My mom is in her 16th year with dementia and is now declining rapidly at age 74. I was a 24/7 caregiver and have been through placing Mom in a nursing home at her request. I am also an administrator for Memory People, a support group for families dealing with dementia. Along the way I have learned a lot and would like to share with you. Please feel free to share these insights with others as well; it's all about awareness.
Dementia can affect anyone
Dementia does not care about race, color, religion, gender or age. My Mother was 58 when we knew something was wrong, but due to her age, dementia was not on our radar or the doctors’. She was not diagnosed until age 63. I don't know how many years mom struggled before we realized she was sick
Dementia is much more than memory loss
Some of the early signs that we missed were mom having difficulty completing her job tasks. She was working until midnight, struggling to do simple tasks that were previously not a problem. She was getting lost driving in her own hometown and could not remember where she parked her car.
Behavior and personality changes were obvious, long before memory loss
My mother was always a very gentle and kind person, then we started noticing that she was always angry at one person or another, usually a family member and a male. Mom suddenly got very vocal about her "hatred" for no apparent reason, even of people she had loved for many years.
Making poor decisions putting yourself in danger
Mom picked up a stranger trying to find her way home. Mom loved to shop. However, even though she was once very good at managing her finances, she soon found herself in a mountain of debt. She became an obsessive compulsive QVC shopper.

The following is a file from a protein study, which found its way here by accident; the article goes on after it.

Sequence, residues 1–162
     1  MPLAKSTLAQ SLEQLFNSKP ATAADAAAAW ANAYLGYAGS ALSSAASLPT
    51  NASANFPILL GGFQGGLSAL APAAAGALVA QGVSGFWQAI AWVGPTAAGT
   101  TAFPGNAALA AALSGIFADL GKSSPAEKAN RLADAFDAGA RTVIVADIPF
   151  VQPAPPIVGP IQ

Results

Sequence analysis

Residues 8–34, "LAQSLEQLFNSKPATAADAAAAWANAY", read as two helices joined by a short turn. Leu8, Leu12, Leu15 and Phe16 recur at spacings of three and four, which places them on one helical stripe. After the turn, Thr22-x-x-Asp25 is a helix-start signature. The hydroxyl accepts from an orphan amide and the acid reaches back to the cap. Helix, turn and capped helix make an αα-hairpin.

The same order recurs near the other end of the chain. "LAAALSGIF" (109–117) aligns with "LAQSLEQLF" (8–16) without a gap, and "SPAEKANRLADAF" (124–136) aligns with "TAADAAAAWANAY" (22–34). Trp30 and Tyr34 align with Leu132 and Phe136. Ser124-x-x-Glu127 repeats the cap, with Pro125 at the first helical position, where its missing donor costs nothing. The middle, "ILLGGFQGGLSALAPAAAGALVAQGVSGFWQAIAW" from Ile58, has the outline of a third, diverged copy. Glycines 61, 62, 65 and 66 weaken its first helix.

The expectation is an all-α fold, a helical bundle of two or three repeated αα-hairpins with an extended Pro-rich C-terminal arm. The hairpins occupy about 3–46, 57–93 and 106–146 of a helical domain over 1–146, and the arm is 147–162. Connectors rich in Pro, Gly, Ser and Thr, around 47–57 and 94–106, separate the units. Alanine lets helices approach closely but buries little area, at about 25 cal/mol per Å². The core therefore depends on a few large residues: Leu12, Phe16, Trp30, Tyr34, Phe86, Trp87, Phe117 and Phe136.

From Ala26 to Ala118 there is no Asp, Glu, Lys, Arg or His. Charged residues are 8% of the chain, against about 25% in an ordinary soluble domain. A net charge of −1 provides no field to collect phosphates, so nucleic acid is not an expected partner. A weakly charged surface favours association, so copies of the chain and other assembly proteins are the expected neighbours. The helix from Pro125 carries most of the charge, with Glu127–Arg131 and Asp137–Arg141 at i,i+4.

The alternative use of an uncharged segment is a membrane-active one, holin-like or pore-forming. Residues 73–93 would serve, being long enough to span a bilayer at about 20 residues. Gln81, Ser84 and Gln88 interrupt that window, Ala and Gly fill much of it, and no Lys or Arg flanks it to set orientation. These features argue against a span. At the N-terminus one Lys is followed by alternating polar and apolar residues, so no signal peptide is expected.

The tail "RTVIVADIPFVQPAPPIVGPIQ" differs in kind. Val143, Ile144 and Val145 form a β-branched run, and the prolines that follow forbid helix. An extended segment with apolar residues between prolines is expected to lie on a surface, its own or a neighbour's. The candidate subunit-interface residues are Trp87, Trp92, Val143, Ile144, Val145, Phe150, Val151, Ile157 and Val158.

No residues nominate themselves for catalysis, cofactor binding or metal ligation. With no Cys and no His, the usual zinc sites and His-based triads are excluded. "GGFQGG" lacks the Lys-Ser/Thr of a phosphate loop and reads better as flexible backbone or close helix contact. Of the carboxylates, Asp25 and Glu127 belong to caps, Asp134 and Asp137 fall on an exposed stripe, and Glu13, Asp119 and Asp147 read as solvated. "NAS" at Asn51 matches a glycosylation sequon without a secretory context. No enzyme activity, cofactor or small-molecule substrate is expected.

Shoplifting with a smile
I used to go shopping with my mother at least once a month. Mom was big on morals, values and doing the right thing. On several occasions mom would walk out of stores with rings on her fingers, or slip an extra outfit in her bag that she did not pay for. This was not her character and she thought it was funny. I didn't know what to think.
Obsessing about the past
Mom's first love was in the military when she was a teenager. He was from Kentucky and told her he had to go home but would come back. In those days women did not chase men, and mom never heard from him again. My grandmother saw how much her daughter was suffering so she reached out to the man’s church community only to find out that he was expecting a child with another woman. Almost 40 years later my mother became obsessed with this man, and she and her girlfriend took a road trip to track him down with his wife and family. To her surprise he was no longer the handsome young military man that she expected to see. Like everyone else he had aged. This was a total shock and disappointment, and the trip was totally out of my mother's character.
Change in appearance
Mom used to be a fashionista. She had a beautiful wardrobe and was always dressed to the nines. Her nighttime pajamas were as beautiful as her daytime outfits. When mom came to live with me I gave her my usual pajamas, sweatpants and a T-shirt. I thought this would be temporary but she had lost her interest in her nighttime apparel. I thought this was strange but didn't really give it much though at the time.
Dementia patients are not stupid
Mom was the first to know she was not well. She asked if she could come live with me because she was struggling long before we noticed anything was seriously wrong. Dementia patients should be told of their diagnosis. They already know they are sick and should be given the opportunity to express their wishes about their care from beginning to end while they still can. Mom insisted on placement once diagnosed as she did not want to "burden" her family; she made it very clear what her end-of-life wishes were. Some patients remain in denial but many do not and they have the right to know, just like people who are diagnosed with any other disease.
Denial among family members is common